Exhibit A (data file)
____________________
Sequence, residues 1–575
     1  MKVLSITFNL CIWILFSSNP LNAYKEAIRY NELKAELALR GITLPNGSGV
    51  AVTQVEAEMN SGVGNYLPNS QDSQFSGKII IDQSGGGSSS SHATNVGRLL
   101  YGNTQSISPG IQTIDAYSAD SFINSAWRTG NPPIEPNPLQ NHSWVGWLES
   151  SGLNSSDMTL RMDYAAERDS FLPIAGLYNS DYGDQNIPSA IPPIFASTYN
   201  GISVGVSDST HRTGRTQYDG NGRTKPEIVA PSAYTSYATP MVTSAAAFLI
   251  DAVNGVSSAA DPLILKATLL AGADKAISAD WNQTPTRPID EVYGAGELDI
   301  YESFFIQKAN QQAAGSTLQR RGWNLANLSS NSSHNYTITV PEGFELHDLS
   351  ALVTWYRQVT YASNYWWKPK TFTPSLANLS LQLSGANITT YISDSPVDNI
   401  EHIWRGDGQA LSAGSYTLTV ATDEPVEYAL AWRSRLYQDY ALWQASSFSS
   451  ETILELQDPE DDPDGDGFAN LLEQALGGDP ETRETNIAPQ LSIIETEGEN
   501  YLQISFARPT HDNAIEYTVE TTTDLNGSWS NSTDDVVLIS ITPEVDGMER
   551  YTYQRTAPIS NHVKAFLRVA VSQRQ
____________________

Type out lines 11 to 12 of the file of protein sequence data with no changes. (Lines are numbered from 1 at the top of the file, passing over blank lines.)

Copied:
   451  ETILELQDPE DDPDGDGFAN LLEQALGGDP ETRETNIAPQ LSIIETEGEN
   501  YLQISFARPT HDNAIEYTVE TTTDLNGSWS NSTDDVVLIS ITPEVDGMER